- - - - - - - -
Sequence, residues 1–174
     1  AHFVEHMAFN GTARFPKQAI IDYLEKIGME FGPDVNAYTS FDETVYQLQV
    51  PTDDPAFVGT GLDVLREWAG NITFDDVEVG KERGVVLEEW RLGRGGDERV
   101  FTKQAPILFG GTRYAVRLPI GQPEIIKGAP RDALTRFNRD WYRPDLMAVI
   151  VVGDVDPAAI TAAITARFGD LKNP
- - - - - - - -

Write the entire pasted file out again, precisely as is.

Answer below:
Sequence, residues 1–174
     1  AHFVEHMAFN GTARFPKQAI IDYLEKIGME FGPDVNAYTS FDETVYQLQV
    51  PTDDPAFVGT GLDVLREWAG NITFDDVEVG KERGVVLEEW RLGRGGDERV
   101  FTKQAPILFG GTRYAVRLPI GQPEIIKGAP RDALTRFNRD WYRPDLMAVI
   151  VVGDVDPAAI TAAITARFGD LKNP